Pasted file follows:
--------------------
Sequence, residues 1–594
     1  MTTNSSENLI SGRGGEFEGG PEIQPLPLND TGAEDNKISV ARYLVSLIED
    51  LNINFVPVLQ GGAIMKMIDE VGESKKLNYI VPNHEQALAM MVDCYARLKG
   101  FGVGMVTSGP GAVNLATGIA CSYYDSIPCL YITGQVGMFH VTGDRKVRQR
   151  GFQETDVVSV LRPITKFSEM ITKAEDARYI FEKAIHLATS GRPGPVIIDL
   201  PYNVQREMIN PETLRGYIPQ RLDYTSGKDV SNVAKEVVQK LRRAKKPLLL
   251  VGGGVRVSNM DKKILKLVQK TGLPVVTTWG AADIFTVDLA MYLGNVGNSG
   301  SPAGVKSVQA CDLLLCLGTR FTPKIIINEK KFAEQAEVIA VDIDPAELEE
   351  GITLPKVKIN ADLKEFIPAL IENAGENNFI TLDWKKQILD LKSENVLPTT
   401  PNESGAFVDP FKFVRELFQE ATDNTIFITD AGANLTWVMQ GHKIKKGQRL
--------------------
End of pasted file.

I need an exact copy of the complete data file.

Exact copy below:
Sequence, residues 1–594
     1  MTTNSSENLI SGRGGEFEGG PEIQPLPLND TGAEDNKISV ARYLVSLIED
    51  LNINFVPVLQ GGAIMKMIDE VGESKKLNYI VPNHEQALAM MVDCYARLKG
   101  FGVGMVTSGP GAVNLATGIA CSYYDSIPCL YITGQVGMFH VTGDRKVRQR
   151  GFQETDVVSV LRPITKFSEM ITKAEDARYI FEKAIHLATS GRPGPVIIDL
   201  PYNVQREMIN PETLRGYIPQ RLDYTSGKDV SNVAKEVVQK LRRAKKPLLL
   251  VGGGVRVSNM DKKILKLVQK TGLPVVTTWG AADIFTVDLA MYLGNVGNSG
   301  SPAGVKSVQA CDLLLCLGTR FTPKIIINEK KFAEQAEVIA VDIDPAELEE
   351  GITLPKVKIN ADLKEFIPAL IENAGENNFI TLDWKKQILD LKSENVLPTT
   401  PNESGAFVDP FKFVRELFQE ATDNTIFITD AGANLTWVMQ GHKIKKGQRL